We are often slaves to office productivity programs.
Here are two examples.
#1 – Calendars: We schedule interruptions rather than our important work.
Eric Barker said the following (from his book, Barking Up the Wrong Tree)
Most of us use our calendars all wrong: we don’t schedule work; we schedule interruptions. Meetings get scheduled. Phone calls get scheduled. Doctor appointments get scheduled. You know what often doesn’t get scheduled? Real work. All those other things are distractions. Often, they’re other people’s work. But they get dedicated blocks of time and your real work becomes an orphan.
This is very true for me. I use calendars to remind me of appointments. Urgent things take up my time slots while important work that are less urgent do not find their way into my calendar.
We should instead deliberately set aside time to do important work otherwise they will never be completed. It can be writing a book, coding a software, or completing an e-course without a deadline. Don’t let others dictate how you should spend your time. Decide what is important and schedule your time for it.
#2 – Email: It is a to-do list given by others
Paul Graham, in his article Frighteningly Ambitious Startup Ideas, said,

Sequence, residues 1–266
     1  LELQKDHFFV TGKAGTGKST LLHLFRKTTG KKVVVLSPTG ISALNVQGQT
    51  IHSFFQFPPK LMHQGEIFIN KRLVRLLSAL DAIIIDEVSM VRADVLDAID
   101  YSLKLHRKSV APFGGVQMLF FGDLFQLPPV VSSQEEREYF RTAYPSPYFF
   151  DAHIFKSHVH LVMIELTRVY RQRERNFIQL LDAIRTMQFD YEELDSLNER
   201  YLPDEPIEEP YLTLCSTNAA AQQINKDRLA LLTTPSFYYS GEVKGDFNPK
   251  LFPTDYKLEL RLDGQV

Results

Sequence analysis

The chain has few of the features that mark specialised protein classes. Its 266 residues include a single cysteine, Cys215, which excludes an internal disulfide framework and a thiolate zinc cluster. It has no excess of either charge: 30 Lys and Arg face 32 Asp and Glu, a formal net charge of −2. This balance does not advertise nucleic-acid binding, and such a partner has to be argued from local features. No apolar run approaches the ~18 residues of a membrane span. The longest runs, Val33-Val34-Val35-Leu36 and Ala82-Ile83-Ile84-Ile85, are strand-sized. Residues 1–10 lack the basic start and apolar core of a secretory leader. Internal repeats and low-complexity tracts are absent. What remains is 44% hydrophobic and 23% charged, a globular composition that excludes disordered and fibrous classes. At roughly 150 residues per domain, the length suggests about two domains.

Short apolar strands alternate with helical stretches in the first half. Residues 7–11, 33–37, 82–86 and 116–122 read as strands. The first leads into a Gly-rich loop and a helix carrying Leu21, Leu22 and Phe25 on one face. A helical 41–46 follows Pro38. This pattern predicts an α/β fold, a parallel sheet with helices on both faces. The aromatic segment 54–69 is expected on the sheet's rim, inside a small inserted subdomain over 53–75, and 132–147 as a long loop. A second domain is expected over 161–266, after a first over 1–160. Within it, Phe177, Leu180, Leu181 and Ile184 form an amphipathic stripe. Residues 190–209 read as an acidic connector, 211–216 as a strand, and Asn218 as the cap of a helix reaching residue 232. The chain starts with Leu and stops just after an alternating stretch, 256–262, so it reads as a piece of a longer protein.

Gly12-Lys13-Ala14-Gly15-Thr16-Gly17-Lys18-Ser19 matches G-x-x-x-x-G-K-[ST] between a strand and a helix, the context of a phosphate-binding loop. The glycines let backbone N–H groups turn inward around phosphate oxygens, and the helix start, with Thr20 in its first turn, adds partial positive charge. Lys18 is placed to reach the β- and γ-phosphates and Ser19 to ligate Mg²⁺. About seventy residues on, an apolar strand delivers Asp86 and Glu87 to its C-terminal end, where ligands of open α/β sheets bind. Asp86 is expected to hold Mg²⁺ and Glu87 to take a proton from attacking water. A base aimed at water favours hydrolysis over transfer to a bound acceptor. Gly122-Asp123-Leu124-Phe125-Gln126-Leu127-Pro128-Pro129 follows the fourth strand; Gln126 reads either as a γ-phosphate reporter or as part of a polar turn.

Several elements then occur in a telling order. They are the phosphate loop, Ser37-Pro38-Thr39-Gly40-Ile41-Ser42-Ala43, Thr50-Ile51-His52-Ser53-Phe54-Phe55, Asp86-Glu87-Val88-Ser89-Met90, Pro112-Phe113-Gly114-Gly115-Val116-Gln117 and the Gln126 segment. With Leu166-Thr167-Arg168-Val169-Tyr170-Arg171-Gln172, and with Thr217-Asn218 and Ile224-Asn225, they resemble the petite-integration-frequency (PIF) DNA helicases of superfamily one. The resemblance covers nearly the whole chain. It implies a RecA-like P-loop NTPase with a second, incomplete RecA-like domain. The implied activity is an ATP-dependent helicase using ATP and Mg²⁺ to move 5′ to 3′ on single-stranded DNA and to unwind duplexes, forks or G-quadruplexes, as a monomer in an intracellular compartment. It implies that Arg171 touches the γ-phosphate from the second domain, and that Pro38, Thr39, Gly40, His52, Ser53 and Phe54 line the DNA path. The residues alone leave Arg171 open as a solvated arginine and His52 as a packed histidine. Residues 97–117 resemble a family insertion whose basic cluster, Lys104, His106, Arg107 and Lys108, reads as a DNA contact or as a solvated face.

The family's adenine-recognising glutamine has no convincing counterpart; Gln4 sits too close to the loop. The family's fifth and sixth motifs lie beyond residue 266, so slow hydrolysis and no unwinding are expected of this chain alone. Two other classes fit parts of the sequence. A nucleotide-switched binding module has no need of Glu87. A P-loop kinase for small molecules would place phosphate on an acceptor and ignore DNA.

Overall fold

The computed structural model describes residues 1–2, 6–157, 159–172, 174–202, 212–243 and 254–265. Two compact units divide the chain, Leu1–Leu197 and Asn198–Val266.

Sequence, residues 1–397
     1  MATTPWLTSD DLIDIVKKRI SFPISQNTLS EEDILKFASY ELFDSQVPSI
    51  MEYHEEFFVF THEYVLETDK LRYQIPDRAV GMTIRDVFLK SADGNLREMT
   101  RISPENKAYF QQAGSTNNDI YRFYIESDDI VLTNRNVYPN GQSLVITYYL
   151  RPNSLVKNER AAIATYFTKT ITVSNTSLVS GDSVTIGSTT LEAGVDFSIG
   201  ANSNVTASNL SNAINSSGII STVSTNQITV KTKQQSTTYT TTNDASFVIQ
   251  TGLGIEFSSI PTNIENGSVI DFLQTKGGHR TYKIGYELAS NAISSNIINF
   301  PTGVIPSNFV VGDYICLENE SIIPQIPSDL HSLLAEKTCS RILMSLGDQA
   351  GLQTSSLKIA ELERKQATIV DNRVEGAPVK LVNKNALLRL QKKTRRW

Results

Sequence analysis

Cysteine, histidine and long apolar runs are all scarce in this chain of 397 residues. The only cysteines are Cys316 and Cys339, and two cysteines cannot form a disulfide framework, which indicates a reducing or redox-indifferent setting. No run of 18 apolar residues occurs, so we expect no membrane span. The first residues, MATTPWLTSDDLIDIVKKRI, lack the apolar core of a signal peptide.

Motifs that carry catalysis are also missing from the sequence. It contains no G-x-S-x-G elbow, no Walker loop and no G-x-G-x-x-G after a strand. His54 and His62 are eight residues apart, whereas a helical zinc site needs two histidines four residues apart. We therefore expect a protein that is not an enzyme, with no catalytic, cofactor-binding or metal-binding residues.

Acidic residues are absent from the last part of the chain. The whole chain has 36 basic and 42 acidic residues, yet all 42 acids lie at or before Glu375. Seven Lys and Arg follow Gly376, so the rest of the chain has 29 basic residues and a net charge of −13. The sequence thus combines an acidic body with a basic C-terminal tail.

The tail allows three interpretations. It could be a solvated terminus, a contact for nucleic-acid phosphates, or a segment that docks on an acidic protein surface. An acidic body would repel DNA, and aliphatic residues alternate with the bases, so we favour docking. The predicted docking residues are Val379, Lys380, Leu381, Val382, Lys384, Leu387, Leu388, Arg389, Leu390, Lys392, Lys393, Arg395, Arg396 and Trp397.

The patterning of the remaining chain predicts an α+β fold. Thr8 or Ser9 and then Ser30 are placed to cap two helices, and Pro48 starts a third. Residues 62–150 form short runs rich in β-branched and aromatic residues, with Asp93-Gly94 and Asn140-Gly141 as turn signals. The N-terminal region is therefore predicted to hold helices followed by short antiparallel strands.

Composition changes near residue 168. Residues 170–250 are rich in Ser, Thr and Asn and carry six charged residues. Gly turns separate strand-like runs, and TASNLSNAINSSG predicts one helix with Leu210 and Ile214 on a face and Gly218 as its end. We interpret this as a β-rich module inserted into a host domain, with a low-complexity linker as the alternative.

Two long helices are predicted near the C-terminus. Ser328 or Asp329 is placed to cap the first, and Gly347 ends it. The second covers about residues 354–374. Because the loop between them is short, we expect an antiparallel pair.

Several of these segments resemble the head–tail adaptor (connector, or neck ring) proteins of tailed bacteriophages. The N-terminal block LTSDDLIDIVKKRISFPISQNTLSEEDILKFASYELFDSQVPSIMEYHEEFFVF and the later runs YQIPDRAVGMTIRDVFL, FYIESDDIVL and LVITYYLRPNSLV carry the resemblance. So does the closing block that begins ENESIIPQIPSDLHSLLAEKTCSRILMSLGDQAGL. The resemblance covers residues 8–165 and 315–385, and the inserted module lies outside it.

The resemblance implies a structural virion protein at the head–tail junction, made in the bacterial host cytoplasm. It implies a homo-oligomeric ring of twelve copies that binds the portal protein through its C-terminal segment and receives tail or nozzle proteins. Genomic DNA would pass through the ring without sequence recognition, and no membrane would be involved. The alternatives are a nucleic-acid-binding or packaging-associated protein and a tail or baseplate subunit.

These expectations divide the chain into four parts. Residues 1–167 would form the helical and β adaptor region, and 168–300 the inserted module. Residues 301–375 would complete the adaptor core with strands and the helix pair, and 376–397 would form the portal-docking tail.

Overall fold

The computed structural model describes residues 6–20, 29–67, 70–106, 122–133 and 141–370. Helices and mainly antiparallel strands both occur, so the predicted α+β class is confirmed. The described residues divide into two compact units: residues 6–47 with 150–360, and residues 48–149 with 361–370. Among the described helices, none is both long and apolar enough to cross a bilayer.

Email was not designed to be used the way we use it now. Email is not a messaging protocol. It’s a todo list. Or rather, my inbox is a todo list, and email is the way things get onto it. But it is a disastrously bad todo list.
Do you dread going through your email such that you would procrastinate clearing it? It is common because an email inbox has become a giant to-do list for the user. Worse, this to-do list is not created by you but your boss / colleague / customer / partner. He simply dumps the task on you and expect a reply without your permission.
I cannot avoid a to-do inbox totally but I make it more pleasurable by turning it into a learning hub. I carefully select and subscribe to people whom I want to learn from and my inbox would be filled with great ideas which I look forward to. Moreover, I get wiser after reading these emails.
In other words, you need to deliberately shape the kind of emails you would like to receive. Maybe you should even ask your boss to tell you in your face when he needs to get something done instead of forwarding emails to you because you might ‘miss’ them (deliberately). You need to ‘train’ those who send you emails by notifying them you would only answer emails at specific timings. Sometimes not replying works too. The person will show up if it is important. If it isn’t, the email (task) just goes away.